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Shadow and Bone (Grisha Trilogy) Hardcover – June 5, 2012
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Amazon Best Books of the Month, June 2012: Alina Starkov has never been anything more than yet another orphan of her country’s on-going wars...until she channels magic not seen in centuries to protect her best friend, Mal. Her new-found powers attract the attention of the Darkling, the most powerful of the country’s magic-wielders. He tells Alina that her magic could heal the Shadow Fold, if she can only learn to control it--and if she agrees to trust the Darkling despite the mystery that surrounds his very existence. Leigh Bardugo brings a cast of well-defined characters and a unique magic system to her lavishly imagined world, where light doesn’t always conquer dark and deception runs so deep that it becomes truth. And yet, against all expectations, the bonds of sacrifice and friendship remain too strong to be severed in this thrilling debut. --Malissa Kent
Amazon Exclusive: Editor Noa Wheeler Interviews Leigh Bardugo, author of Shadow and Bone
Nora Wheeler: I was really struck when I was reading Shadow and Bone by the beautiful setting. It's not our world exactly but it feels very Russian. Can you tell me a little bit more about the setting and how it played into your writing?
Leigh Bardugo: I think a lot of people have come to expect the medieval European setting from fantasy, and I wanted to use a different cultural touchstone for my world. There's also this terrible tension between the beauty of Russian culture and the brutality of its history that just lends itself to high-drama narrative. The more I researched the more inspired I got.
NW: I truly believe that Shadow and Bone is a book for everyone. It's fantasy but there's plenty here for someone who's not a regular fantasy reader to fall in love with. That makes it feel different to me from a lot of what's out there. Do you agree? And if so, what do you think makes this book different?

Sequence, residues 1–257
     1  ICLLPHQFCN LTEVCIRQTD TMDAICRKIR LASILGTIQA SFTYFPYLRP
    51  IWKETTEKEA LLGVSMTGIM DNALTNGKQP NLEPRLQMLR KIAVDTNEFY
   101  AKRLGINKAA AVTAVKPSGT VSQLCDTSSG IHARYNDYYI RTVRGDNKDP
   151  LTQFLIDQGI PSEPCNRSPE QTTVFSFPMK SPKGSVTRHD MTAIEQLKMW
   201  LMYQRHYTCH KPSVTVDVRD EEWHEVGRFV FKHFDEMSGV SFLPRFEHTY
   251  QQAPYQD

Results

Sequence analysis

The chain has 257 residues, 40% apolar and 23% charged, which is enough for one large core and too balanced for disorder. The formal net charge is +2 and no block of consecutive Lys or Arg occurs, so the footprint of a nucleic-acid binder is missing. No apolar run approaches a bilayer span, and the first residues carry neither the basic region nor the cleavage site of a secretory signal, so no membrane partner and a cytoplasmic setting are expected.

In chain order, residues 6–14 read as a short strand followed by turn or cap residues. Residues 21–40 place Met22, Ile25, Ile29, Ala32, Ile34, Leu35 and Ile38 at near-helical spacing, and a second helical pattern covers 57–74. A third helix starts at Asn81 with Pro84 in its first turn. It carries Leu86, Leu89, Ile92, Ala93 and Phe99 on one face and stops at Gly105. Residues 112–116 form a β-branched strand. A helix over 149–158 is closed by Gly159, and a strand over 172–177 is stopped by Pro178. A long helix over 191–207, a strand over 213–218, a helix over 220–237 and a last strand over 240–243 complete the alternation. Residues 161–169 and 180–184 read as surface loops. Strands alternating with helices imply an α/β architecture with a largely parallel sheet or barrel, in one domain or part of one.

LB: I hope you're right! I tried really hard to make the book accessible to people who might not ordinarily pick up high fantasy. I'm a fantasy writer, so I love world building. I love maps. I love all that good stuff. But the story really began for me with the relationships between Alina and Mal and the Darkling. And I hope that comes through. Some people are put off by fantasy because they pick up a book and there are 10 terms and each one has 20 consonants and three apostrophes and you have no idea how to pronounce things and it kind of makes the book feel like work. So I tried to ease people into the world a bit more gently. That's also why I chose to tell the story from Alina's point of view. She's very down to earth, very pragmatic, has a modern sensibility. I hope her perspective will make it easier for readers to enter Ravka.
NW: Another thing I think makes this book so different is that the magic is very accessible. For instance, I love the idea of the Small Science, of something that looks like magic being an enhancement of what's actually around us all the time. Can you elaborate on that aspect of the story a little bit?
LB: I've just always been interested in the functionality of magic. I love Harry Potter and I always wondered what actually happens physically and structurally when you mutter a curse or wave a wand. I wanted to get into the nitty-gritty of how the magic worked. So the Small Science is really about manipulating matter at its most fundamental levels. It's basically magical molecular chemistry.
NW: This is a little bit of a fangirl question, but if you could meet one of your characters who would it be and why?
LB: Well, my fangirl answer would be The Darkling. Because he's gorgeous and mysterious and dangerous and all those fun things. But I would also love to meet Genya. She kind of serves as Alina's guide into this magical world of the Grisha and the political maneuvering of the royal court. She's a combination of a make-up artist, a plastic surgeon, and a sorceress--and on the surface she's the classic fairy godmother, sassy best friend character, but there's a lot more to her than that. She's been kicked around and looked down on a lot throughout her life, yet she's always managed to keep her chin up and stay fabulous. I like that, and I think she'd be really fun to hang out with.
NW: What do you want readers to take away from this book?
LB: The message at the heart of the story is basically that the things that you fear most in yourself, the things that make you different, are also the things that give you power. And that embracing them can make you beautiful. So I would love it if people took that away from the book. I would also love it if people came away from it wanting to know what happens next for Alina and Mal! Things get really intense in the sequel, Siege and Storm. There are some new characters and what I hope will be some big surprises.
NW: Thanks so much for talking about Shadow and Bone with me today.
LB: My pleasure. Thank you!
See a map of the world of Shadow and Bone
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From School Library Journal
Top Customer Reviews